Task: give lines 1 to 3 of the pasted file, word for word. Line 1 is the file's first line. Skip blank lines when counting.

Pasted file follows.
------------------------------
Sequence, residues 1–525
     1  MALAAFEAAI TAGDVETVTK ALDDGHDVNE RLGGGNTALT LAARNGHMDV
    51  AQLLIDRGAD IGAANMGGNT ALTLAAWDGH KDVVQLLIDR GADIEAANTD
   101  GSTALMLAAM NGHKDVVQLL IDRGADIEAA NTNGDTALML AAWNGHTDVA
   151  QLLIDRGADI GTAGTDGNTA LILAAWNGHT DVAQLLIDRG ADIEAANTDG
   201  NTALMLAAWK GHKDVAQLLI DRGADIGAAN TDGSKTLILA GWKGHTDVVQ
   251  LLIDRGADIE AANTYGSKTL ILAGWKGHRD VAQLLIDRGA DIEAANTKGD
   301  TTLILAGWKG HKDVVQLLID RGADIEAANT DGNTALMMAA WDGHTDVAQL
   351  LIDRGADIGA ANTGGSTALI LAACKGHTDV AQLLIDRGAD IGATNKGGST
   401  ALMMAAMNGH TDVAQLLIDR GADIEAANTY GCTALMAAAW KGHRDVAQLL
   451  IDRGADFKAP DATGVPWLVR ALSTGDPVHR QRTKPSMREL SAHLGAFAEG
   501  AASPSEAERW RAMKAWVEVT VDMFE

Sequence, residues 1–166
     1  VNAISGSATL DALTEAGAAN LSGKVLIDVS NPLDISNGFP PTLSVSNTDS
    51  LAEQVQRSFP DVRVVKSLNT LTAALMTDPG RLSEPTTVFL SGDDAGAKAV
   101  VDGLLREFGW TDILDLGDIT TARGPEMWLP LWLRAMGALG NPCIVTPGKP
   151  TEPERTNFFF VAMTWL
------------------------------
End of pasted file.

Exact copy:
Sequence, residues 1–525
     1  MALAAFEAAI TAGDVETVTK ALDDGHDVNE RLGGGNTALT LAARNGHMDV
    51  AQLLIDRGAD IGAANMGGNT ALTLAAWDGH KDVVQLLIDR GADIEAANTD